Why New Zealand is Now Behind Zimbabwe On Cannabis Law Reform

For all the gloating about how incredibly progressive New Zealand is on issues relating to race and sexual orientation, we Kiwis sometimes fail to notice that we are lagging behind the rest of the world on many other human rights issues. Incredibly, New Zealand is more backwards than Zimbabwe now when it comes to cannabis law reform. This essay examines why.

You read correctly: New Zealand is now behind Zimbabwe on cannabis law reform. The despotic Southern African state announced recently that both individuals and companies can apply to the Minister of Health for a licence to grow medicinal cannabis. You don’t have to be dying, as is the criteria in New Zealand.

So how did our human rights decay to the point where Zimbabwe is beating us on major human rights issues like medicinal cannabis law reform?

Crucial to understanding this is understanding that the National Party has always been the pisshead’s friend. When drinkers wanted pub hours extended for the 2015 Rugby World Cup, the National Party was eager to help. But when Kiwi medicinal cannabis users petitioned them for nine years to allow them equal rights to people in California, they were utterly unmoving, despite the evidence in the research journals and from the examples set overseas.

When the Electoral Commission revealed the list of each party’s donations last month, it became clear why New Zealand is now more backwards than Zimbabwe when it comes to cannabis law reform. Simply put, the National Party has whored itself out to the same alcohol and pharmaceutical interests that have opposed cannabis medicine from the beginning.

In 2017, the National Party got $41,945 in donations from Stoneyridge Vineyard, $25,438 from Gibbston Valley Winery, $16,700 from Spirits NZ and $42,000 from Graeme Douglas of Douglas Pharmaceuticals, whose morphine product is competing with medicinal cannabis for the billion-dollar analgesic market. This totals $126,083 in donations from industries that are implacably opposed to cannabis law reform.

The National Party spent around $2,500,000 on their 2017 General Election campaign, which means that these donations are reasonably small in the overall scheme of things, amounting to only c. 5% of the total spending. But this has to be contrasted with the fact that the Aotearoa Legalise Cannabis Party, the only party seriously promoting the will of the 80% of Kiwis who want a change to the cannabis laws, spent less than $1,700.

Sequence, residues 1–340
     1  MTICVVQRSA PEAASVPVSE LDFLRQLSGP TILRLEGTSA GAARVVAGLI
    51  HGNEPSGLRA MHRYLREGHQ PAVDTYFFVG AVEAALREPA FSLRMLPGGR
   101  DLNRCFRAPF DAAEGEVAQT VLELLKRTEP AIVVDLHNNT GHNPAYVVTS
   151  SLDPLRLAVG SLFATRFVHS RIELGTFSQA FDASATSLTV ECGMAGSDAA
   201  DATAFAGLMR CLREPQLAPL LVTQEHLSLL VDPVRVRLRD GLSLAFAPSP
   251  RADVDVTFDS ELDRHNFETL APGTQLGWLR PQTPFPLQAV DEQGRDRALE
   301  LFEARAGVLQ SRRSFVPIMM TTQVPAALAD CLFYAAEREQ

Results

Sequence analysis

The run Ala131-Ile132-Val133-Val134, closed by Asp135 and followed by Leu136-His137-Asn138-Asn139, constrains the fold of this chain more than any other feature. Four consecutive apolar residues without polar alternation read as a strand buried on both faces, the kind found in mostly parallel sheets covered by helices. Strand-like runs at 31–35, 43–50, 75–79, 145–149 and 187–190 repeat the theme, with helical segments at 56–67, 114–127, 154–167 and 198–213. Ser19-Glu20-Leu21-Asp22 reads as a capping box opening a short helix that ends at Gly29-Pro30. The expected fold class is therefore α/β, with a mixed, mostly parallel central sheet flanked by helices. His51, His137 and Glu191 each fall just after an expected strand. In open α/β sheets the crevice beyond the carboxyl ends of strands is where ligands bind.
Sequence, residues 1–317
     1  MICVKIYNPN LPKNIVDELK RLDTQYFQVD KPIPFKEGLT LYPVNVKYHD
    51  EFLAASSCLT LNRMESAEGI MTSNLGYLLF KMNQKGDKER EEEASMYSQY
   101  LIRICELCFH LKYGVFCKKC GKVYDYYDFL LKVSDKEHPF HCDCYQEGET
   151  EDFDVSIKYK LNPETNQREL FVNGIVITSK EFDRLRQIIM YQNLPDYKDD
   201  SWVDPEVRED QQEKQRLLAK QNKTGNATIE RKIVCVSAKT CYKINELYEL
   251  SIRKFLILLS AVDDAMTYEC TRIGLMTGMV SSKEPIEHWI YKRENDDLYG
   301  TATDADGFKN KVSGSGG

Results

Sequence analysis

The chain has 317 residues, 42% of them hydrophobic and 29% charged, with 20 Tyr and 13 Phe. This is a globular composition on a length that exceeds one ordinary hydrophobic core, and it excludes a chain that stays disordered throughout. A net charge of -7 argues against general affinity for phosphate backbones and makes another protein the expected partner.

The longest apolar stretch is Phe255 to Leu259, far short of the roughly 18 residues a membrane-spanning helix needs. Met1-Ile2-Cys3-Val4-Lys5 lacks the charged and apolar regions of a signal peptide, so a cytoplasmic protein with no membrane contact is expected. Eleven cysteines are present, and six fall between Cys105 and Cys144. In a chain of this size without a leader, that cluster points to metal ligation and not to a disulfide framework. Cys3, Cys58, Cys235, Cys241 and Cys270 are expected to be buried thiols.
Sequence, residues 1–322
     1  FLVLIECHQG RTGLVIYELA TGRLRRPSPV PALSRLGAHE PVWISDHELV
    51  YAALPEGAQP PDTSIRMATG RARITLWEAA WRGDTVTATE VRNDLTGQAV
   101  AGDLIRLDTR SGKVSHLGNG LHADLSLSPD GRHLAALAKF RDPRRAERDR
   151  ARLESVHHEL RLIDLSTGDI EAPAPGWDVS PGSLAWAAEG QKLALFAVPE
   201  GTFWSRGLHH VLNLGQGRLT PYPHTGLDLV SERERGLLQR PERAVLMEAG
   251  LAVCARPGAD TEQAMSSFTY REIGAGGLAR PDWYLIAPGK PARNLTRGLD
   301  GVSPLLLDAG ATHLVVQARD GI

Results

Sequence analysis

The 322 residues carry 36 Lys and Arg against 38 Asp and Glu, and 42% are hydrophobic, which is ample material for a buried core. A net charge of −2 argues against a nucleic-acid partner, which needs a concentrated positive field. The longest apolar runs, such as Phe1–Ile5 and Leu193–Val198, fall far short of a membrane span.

In other words, anti-cannabis forces spent over 70 times as much on bribing National Party MPs as pro-cannabis forces spent in total during the 2017 General Election. Little wonder, then, that National Party MPs unanimously voted against Chloe Swarbrick’s bill that would have allowed sick Kiwis to grow their own medicinal cannabis at home without fear of prosecution.

This all sounds very cynical but unfortunately, this is how the game is played in politics, which belongs ultimately to the paradigm of silver. Our politicians are literally whores – this is a truth universally acknowledged by anyone who has had cause to observe the politically ambitious at close range for any length of time. They will say whatever someone wants to be said for money, so their tongues are for hire as much as those of any streetwalker.

Despite all that, this situation may not last. The experience of American states that have liberalised their cannabis laws (beginning with medicinal cannabis in California in 1996), suggests that money talks both ways.

East Coast medicinal cannabis operation Hikurangi Enterprises recently raised $2,000,000 in their share offering and were heavily oversubscribed – so much so that the crowdfunding site handling it crashed twice. Considering that most people who are interested in medicinal cannabis are sick and therefore poor, being able to raise two million dollars speaks to a tremendous level of support among the population.

What this means is that, sooner or later, there will be a player with extremely deep pockets who wants to break into the New Zealand cannabis market, and this player will see fit to make a “donation” to a reformist party in return for that party supporting some form of repeal of cannabis prohibition. It will probably be a while before this donation matches the six-figure sum that the booze and pills industries are spending on keeping medicinal cannabis illegal, but the gap ought to keep closing.

New Zealanders have fewer rights to access medicinal cannabis than people in Zimbabwe, and the reason for it is alcohol and pharmaceutical industry bribe money going to the National Party. Until we can remove this blatant corruption from our political system, sick Kiwis can only access their medicine in secret.

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Vince McLeod is a former Membership Secretary of the Aotearoa Legalise Cannabis Party and author of the Cannabis Activist’s Handbook.

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